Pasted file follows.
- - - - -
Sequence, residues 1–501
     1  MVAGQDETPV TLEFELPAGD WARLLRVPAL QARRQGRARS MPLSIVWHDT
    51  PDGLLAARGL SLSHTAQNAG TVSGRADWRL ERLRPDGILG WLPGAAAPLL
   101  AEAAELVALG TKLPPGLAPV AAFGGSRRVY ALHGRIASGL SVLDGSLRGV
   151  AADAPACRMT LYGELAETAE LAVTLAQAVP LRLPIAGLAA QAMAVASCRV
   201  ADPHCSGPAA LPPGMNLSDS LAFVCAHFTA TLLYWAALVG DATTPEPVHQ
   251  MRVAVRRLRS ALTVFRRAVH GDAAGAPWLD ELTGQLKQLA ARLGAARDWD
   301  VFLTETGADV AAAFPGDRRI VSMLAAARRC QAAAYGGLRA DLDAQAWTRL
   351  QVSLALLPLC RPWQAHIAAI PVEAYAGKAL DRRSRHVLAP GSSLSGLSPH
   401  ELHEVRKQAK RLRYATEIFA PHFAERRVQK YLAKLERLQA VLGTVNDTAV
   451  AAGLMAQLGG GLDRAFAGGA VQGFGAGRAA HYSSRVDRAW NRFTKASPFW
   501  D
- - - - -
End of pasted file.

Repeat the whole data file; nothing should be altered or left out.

Sequence, residues 1–501
     1  MVAGQDETPV TLEFELPAGD WARLLRVPAL QARRQGRARS MPLSIVWHDT
    51  PDGLLAARGL SLSHTAQNAG TVSGRADWRL ERLRPDGILG WLPGAAAPLL
   101  AEAAELVALG TKLPPGLAPV AAFGGSRRVY ALHGRIASGL SVLDGSLRGV
   151  AADAPACRMT LYGELAETAE LAVTLAQAVP LRLPIAGLAA QAMAVASCRV
   201  ADPHCSGPAA LPPGMNLSDS LAFVCAHFTA TLLYWAALVG DATTPEPVHQ
   251  MRVAVRRLRS ALTVFRRAVH GDAAGAPWLD ELTGQLKQLA ARLGAARDWD
   301  VFLTETGADV AAAFPGDRRI VSMLAAARRC QAAAYGGLRA DLDAQAWTRL
   351  QVSLALLPLC RPWQAHIAAI PVEAYAGKAL DRRSRHVLAP GSSLSGLSPH
   401  ELHEVRKQAK RLRYATEIFA PHFAERRVQK YLAKLERLQA VLGTVNDTAV
   451  AAGLMAQLGG GLDRAFAGGA VQGFGAGRAA HYSSRVDRAW NRFTKASPFW
   501  D